Jack knew that thinking that way wasn’t logical. Hadn’t Armand told him he’d been in the ‘game’ a long time? If he truly had been experienced, wouldn’t he have known his life was in danger? He hadn’t appeared stupid. Foolish, on the other hand, yes. So cavalier about his own safety, or had he been that naïve to think that he was above being killed just to protect a secret?
Jack shook his head. Blaming Armand for his own death was stupid, but part of the blame rested with him anyway. Not a big part, but a part nonetheless. Jack couldn’t help but put a larger part of the blame on himself. He should have known that killing Armand would have been an option.
He also realized right then that that was it. It would have already been considered. But did they have to kill him? They could have devised some sort of disinformation to discredit him. That would have been much easier, and more in keeping with the NID.
After thinking it out further, Jack’s anger began to dissipate, though the sorrow for the man’s death remained. He knew that he had to keep his eye on things. If these people were able to do this and not get caught, there was a lot more that they could get away with.
With a deep sigh, Jack let his mind move to something a bit more closer to home. Daniel. And his own grief for him. When Daniel had told him, in the infirmary, what had happened, Jack couldn’t believe how normal he’d been acting. How calm he’d seemed to be. It had to be a front. The man must be dying on the inside.
How was he going to cope with this? Daniel would, he was certain of it, but it was something new for the man. For any man. He’d need help, and Jack didn’t know how exactly, but sitting here worrying about what the government had just done instead of trying to help Daniel was a waste of time.
What could Daniel need to do to try and get over the rage and despair? Jack picked up his phone and when Daniel didn’t answer his extension, he called Hammond.
“Sir, I’d like some time off, keep an eye on him. I know we all deal with stresses but this one’s a doozy, sir. No one’s ever dealt with something like…”
Hammond had said yes, to Jack’s intense relief. He’d been prepared to argue his case for an hour, if need be. He tore out of the base like a man on a mission, and the closer he got to Daniel’s, the more a feeling of dread came over him.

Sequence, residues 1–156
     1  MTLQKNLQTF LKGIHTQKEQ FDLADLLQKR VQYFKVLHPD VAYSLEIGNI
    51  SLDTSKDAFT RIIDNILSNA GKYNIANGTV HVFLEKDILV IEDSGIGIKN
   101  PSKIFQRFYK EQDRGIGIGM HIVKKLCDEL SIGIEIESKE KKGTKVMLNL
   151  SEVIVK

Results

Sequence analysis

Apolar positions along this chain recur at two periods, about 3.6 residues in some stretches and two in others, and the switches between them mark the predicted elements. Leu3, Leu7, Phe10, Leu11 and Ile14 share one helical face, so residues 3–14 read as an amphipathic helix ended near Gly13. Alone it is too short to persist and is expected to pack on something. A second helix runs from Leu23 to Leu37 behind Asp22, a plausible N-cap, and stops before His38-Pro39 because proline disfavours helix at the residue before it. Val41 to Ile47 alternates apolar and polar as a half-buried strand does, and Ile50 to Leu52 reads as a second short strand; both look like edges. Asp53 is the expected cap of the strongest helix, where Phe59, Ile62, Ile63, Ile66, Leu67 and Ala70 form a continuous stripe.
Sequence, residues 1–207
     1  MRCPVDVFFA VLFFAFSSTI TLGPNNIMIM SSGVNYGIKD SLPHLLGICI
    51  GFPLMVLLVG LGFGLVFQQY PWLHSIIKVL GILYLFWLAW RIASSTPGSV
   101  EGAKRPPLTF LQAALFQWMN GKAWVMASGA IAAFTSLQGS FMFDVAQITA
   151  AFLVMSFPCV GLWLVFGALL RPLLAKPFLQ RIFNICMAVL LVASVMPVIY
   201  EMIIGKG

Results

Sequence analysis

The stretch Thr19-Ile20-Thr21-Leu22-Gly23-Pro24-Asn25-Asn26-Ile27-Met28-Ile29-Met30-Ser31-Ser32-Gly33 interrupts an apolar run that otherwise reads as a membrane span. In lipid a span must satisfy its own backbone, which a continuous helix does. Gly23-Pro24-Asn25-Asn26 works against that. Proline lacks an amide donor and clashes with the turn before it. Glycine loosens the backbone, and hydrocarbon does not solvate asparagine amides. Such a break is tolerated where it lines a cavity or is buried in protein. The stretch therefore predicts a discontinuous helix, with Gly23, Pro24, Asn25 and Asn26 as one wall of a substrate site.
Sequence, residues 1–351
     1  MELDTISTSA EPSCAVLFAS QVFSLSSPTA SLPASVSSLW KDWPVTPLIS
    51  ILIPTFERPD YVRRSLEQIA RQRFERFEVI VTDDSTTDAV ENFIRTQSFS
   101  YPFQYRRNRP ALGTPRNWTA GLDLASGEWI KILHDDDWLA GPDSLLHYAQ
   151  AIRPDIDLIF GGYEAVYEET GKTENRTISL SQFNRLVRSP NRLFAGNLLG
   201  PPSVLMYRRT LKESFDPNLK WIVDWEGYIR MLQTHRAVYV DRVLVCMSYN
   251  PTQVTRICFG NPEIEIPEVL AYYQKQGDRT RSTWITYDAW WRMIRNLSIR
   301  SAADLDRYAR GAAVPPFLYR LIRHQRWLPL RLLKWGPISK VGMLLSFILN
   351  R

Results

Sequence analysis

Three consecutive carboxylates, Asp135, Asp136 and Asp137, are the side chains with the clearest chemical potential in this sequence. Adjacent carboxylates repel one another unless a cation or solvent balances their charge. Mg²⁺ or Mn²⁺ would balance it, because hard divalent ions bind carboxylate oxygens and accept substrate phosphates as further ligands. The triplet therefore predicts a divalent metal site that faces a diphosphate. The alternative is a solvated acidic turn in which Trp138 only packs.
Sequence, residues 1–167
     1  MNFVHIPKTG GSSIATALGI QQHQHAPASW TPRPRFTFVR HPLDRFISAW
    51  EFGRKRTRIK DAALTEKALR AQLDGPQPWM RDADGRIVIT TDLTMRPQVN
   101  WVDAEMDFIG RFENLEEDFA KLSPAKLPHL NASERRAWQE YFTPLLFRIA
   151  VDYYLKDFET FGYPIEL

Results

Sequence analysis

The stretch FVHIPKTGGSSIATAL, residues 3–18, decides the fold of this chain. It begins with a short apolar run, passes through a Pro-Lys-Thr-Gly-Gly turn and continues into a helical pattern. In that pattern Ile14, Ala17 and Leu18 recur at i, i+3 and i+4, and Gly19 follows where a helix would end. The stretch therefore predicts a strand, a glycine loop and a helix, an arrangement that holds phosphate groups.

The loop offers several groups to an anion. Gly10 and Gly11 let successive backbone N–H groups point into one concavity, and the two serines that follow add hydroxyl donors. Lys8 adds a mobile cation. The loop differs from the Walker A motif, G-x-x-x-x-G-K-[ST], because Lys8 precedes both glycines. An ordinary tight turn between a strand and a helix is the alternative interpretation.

Daniel grabbed the nearest breakable object and hurled it at the bookshelf, shattering it into a thousand pieces. It didn’t belong to the SGC; it was his, so why shouldn’t he break it? He picked up another object, a piece of pottery, and treated it as if it were a pitcher’s fastball. It smashed against the wall between shelves, tiny remnants flying in every direction, including hitting his clothes and bouncing off his forehead.
Another object ended up in fragments and with it, every curse word he could think of and in as many languages as he could remember. Another item smashed against the bookcase. The tears freely ran down his cheeks, unnoticed, as Daniel focused on the anger and rage. He’d break every fucking thing in his living room, if necessary, if it would only help him get rid of his anger… and Shau’re’s guilt-ridden words.
Just as Jack raced to the door of Daniel’s apartment, he heard something else break. And a neighbor poking their head out of their apartment. Jack waved at them.
“It’s alright. He’s had a death in the family. I’ll take care of him.”
“Oh, very sorry,” came the answer.
Jack pulled out the key Daniel had given him and quickly entered the loft. Another object, something made of glass, hit the wall.
“Daniel?” Jack yelled, coming round the corner and pausing at the threshold to the living room.
“Jack,” Daniel said between gritted teeth.
“You wanna declare a cease fire before I come in?” Jack asked gently as he moved to him, taking him by the shoulders and making Daniel look at him.
“I can’t…” Daniel said and tried to pull from Jack’s grasp. Jack noticed that Daniel’s glasses weren’t on his face and he looked around without letting Daniel go, finding with relief that they were on the dining room table.
“Jack, let me go,” Daniel said, gritting his teeth as he tried to twist away.
“No,” Jack replied. “I shouldn’t have stayed away. I’m sorry.”
Daniel didn’t know what he wanted to do. His anger was all that filled his mind and all he wanted to do was hear the breaking, the smashing… the symbols of his heart and his pain.
Jack led Daniel into the dining room and away from the mess in the living room. He watched him worriedly as he poured them each a glass of Jack ‘n Soda and handed one to Daniel. Daniel stared at it before taking a hesitant sip, then the glass began to shake as his fingers whitened around it.